Design of Multimedia Listening Software: Instructions, Tasks, Texts, and Self-Assessment Tests

Design of Multimedia Listening Software: Instructions, Tasks, Texts, and Self-Assessment Tests

Vehbi Turel (The University of Bingol, Turkey) and Peter McKenna (Manchester Metropolitan University, UK)
Copyright: © 2015 |Pages: 28
DOI: 10.4018/978-1-4666-8499-7.ch006
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In this chapter, the principles and guidelines that should be borne in mind when designing and developing some digital elements such as ‘instructions', ‘tasks', ‘(reading) texts' and ‘self-assessment tests' in interactive multimedia listening software (MLS) for second/foreign language learning (SLL/FLL) are focused on. The stages of software design and development are categorized into six separate stages: (1) feasibility, (2) setting up a team of experts, (3) designing, (4) programming, (5) testing and (6) evaluating (Turel & McKenna, 2013, pp.188-190). Each stage as well as each digital element of interactive MLS is vitally important in the design and development process of cost effective applications. A wide range of principles and guidelines need to be taken into account at each stage as well as in the design and development of each element so that we can design and develop every single digital element of interactive MLS efficiently. As a whole, all of these can enable us to design ideal and customised/adapted MLS for SLL/FLL.
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Interactive multimedia listening software (MLS) consists of the use, functional combination and presentation, and instantaneous delivery of a wide range of digital elements such as sound (audio clips), video, (reading) text, unfamiliar items (i.e. lexis and syntax), (still or motion) visuals (i.e. pictures, icons, logos, graphics, charts, animations, supplementary visuals), glossary, help, captions, subtitles, tasks, activities, self-assessment tests, feedback, speech rate, optimum combinations and so forth on the same digital platform. These are totally digital elements. They are also under the control of digital technology (i.e. programming) as well as (language) learners’ control.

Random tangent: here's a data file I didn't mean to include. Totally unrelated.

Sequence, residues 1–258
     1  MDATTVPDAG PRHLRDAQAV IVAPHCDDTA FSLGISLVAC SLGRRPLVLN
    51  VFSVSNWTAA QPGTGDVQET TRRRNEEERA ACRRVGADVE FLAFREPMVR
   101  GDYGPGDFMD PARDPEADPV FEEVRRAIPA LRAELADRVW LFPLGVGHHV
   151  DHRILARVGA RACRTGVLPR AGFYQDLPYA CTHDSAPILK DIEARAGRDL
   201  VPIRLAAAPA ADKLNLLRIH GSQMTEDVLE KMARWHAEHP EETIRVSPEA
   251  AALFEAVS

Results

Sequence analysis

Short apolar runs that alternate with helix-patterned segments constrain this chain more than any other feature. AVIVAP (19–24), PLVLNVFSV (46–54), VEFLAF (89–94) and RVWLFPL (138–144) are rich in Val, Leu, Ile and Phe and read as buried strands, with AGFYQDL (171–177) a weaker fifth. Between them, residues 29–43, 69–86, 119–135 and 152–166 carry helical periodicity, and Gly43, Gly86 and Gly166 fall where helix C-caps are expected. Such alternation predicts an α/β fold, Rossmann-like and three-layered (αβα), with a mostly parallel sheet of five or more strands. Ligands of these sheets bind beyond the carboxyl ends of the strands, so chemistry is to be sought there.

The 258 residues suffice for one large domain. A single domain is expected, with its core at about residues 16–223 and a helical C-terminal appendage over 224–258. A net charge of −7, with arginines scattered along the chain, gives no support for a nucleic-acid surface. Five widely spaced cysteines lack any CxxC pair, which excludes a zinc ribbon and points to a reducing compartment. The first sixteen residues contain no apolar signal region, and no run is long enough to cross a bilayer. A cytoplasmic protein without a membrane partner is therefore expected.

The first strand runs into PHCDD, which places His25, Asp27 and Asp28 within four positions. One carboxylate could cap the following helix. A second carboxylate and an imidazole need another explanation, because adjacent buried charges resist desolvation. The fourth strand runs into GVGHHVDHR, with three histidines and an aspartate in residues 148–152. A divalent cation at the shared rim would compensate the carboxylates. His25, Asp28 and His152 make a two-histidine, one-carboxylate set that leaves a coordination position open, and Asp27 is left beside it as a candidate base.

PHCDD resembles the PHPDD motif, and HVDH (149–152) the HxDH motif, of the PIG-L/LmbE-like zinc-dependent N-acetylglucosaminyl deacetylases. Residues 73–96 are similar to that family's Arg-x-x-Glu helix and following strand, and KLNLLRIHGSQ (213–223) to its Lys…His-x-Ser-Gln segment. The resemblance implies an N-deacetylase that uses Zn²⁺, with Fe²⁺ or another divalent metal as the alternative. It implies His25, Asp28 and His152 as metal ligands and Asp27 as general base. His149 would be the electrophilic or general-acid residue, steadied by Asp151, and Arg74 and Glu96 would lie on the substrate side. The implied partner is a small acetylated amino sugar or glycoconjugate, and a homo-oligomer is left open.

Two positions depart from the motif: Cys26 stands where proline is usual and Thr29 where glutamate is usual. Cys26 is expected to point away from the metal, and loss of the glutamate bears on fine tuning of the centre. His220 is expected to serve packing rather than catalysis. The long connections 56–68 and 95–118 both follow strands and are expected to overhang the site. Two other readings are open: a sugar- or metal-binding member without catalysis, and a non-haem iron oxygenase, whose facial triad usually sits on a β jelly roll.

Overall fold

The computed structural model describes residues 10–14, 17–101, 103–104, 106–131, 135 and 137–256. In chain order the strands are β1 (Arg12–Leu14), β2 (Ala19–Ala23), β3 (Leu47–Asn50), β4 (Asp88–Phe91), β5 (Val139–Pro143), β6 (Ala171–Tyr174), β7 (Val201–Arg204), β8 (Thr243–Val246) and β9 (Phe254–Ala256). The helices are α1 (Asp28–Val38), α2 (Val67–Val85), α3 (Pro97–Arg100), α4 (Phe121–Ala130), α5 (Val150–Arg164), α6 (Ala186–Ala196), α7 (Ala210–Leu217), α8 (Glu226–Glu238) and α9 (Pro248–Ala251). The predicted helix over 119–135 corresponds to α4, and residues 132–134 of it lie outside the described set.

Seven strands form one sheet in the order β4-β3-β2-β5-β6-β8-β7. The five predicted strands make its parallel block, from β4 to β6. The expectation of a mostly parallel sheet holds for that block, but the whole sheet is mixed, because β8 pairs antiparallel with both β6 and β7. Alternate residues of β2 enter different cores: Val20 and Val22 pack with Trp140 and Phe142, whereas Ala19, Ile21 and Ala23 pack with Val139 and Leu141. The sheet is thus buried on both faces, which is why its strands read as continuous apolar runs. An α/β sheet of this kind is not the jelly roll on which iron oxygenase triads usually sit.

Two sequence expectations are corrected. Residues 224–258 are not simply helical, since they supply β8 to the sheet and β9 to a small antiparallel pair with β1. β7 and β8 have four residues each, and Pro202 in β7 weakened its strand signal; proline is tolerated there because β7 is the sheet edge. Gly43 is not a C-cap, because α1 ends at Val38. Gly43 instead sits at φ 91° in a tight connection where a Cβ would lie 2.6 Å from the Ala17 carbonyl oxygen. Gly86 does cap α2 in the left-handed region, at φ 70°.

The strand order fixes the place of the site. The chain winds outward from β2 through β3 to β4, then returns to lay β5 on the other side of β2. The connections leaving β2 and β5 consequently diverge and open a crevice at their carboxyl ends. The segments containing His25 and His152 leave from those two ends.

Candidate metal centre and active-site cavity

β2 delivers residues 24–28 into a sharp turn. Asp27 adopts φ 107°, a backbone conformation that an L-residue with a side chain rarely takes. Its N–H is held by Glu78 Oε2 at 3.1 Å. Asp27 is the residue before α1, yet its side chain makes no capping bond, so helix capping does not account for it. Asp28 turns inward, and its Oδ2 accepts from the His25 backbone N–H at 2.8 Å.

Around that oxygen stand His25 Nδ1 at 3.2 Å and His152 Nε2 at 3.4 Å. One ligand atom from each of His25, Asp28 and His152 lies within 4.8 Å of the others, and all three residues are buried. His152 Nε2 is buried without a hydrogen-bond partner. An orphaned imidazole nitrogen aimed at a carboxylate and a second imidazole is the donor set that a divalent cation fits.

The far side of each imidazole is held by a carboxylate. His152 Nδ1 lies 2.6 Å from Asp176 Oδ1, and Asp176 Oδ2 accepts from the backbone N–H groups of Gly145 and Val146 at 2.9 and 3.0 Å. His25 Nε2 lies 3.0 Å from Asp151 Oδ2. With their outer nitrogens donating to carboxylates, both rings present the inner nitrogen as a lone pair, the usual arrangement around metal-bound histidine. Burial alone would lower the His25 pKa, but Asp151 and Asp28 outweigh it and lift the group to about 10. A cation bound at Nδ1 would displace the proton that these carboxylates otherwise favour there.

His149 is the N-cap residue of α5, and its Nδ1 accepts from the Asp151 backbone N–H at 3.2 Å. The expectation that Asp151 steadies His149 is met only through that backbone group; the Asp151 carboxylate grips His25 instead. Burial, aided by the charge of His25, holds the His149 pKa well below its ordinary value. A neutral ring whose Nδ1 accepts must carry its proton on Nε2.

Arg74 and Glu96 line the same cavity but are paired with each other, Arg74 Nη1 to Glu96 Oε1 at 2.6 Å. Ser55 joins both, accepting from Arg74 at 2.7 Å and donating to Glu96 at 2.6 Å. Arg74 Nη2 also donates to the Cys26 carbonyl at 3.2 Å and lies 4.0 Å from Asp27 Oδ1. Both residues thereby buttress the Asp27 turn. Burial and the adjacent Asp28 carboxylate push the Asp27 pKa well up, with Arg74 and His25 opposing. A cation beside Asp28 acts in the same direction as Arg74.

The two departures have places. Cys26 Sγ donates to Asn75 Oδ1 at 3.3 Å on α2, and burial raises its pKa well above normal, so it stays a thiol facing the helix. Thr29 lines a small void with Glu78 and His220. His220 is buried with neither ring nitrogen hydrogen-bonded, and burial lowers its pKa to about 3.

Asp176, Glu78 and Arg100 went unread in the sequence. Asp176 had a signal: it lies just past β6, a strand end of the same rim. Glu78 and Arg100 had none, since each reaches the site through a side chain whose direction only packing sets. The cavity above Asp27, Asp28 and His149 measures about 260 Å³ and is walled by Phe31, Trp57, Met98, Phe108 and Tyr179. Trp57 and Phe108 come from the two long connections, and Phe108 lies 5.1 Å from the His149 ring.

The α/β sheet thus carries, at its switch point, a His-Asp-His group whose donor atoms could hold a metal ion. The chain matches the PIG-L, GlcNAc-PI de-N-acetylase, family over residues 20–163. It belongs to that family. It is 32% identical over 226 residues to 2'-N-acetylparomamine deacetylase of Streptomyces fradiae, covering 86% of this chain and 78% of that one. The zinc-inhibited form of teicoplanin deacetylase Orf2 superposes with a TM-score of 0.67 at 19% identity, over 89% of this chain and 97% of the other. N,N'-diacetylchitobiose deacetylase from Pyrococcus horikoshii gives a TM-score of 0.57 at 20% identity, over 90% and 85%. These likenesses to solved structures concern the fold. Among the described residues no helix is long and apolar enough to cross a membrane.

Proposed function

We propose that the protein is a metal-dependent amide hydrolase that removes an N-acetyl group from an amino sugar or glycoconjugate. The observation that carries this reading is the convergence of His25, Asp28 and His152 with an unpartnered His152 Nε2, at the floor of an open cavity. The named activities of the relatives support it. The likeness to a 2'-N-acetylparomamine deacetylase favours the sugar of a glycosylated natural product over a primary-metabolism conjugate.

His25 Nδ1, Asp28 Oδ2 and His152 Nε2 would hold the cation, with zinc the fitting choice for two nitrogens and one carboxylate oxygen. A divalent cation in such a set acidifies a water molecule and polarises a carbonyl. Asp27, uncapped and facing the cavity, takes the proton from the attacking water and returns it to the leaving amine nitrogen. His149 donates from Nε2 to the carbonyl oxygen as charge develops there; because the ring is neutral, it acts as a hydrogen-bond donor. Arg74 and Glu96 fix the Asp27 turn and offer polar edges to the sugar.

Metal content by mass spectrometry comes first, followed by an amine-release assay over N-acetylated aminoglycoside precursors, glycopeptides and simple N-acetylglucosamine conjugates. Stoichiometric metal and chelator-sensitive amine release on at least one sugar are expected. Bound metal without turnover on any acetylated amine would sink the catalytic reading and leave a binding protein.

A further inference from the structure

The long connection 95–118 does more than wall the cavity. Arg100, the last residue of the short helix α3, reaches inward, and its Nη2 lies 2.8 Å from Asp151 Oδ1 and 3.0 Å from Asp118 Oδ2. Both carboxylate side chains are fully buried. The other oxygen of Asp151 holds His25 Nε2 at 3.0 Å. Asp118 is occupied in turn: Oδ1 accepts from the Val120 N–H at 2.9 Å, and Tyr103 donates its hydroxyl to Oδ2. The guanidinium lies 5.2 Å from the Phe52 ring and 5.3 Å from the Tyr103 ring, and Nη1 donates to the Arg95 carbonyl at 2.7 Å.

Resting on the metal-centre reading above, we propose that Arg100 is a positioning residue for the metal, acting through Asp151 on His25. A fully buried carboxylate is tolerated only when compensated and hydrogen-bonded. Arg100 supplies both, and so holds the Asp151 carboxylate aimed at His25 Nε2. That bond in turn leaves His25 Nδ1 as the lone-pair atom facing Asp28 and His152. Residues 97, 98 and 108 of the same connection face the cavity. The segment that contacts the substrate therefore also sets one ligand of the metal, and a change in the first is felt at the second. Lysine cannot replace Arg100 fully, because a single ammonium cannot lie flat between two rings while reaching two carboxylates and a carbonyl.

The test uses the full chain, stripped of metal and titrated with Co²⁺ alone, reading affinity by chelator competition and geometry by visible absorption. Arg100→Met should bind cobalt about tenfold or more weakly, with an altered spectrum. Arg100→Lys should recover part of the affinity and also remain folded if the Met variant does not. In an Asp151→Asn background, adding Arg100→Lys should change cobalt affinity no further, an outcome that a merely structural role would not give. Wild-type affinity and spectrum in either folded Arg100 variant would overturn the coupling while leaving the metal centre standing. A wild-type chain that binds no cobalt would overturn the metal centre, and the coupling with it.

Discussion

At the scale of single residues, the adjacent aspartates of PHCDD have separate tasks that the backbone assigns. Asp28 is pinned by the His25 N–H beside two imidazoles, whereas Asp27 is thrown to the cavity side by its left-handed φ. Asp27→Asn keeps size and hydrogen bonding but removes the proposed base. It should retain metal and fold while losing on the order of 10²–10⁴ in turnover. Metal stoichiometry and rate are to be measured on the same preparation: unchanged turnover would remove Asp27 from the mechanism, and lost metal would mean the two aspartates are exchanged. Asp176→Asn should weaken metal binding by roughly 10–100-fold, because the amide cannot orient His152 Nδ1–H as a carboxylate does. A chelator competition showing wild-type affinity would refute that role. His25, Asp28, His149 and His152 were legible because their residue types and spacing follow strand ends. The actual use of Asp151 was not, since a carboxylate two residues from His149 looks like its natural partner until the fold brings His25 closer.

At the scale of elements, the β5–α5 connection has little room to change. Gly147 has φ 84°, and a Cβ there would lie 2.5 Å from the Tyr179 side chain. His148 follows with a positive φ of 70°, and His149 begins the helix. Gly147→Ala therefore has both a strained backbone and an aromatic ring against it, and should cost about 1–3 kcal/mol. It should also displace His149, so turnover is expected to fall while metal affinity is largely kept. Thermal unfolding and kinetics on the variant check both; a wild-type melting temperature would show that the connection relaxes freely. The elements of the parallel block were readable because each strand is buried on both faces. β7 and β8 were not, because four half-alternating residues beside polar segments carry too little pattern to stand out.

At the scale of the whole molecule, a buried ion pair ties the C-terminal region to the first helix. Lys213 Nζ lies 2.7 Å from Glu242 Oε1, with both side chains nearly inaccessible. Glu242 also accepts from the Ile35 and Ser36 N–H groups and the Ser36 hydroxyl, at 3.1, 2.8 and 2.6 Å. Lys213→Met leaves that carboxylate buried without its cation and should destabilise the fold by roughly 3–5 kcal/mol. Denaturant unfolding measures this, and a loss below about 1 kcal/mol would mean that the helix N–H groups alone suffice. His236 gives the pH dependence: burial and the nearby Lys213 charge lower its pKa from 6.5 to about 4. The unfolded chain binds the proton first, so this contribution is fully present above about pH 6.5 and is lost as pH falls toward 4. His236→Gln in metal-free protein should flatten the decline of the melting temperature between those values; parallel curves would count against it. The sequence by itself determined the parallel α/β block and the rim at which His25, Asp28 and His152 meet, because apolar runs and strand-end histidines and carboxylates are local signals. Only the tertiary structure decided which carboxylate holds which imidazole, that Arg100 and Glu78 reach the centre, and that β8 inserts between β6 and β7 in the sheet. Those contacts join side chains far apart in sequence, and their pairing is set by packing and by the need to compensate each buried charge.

The use, functional combination and presentation and instantaneous delivery of such elements on the same digital platform is called multimedia. When their combination is provided through links, - which not only provide navigational interactivity, but also functional interactivity - then multimedia is called interactive multimedia or hypermedia. These links within an interactive multimedia platform can be in the form of hyperlinks, hypertext, buttons, hotspots or hot-words so that (language) learners/users can retrieve information and/or navigate. When interactive multimedia/hypermedia enables language learners to make personal preferences, record these preferences, their individual needs and their learning goals, and then uses them throughout interaction with the (language) learners to meet their different background and personal needs so that they can learn better, then interactive multimedia/hypermedia becomes adaptive hypermedia (Turel, 2015a, pp. 2496-2497). Adaptive hypermedia is a relatively new route in the field of interactive multimedia (Brusilovsky 2012, p. 46) and comprises several different models (Kahraman, Sagiroglu & Colak, 2013, p. 60).

The focus of this chapter is the priority and design of certain digital elements such as ‘instructions’, ‘tasks’, ‘(reading) texts’ and ‘self-assessment tests’ in interactive MLS for second/foreign language learning (SLL/FLL). Not only do the most effective elements and their optimum combinations need to be given priority in order of importance in interactive MLS, but also such elements need to be combined and designed in the most effective and efficient ways. Otherwise, the combination of such multiple elements on the same digital platform can distract rather than aid (language) learners. To succeed, the most effective design of the digital elements in interactive MLS depends on mostly to what degree we are aware of the pertinent empirical findings in the fields of multimedia and SLL/FLL. Additionally, the factors affecting listening (Turel, 2014a, pp. 310-331) and what we target for achievement also need to be taken into consideration. Thus, while discussing the design of ‘instructions’, ‘tasks’, ‘(reading) texts’ and ‘self-assessment tests’ in interactive MLS for SLL/FLL, the pertinent literature and findings, and pedagogic and physiological aspects are taken into account.

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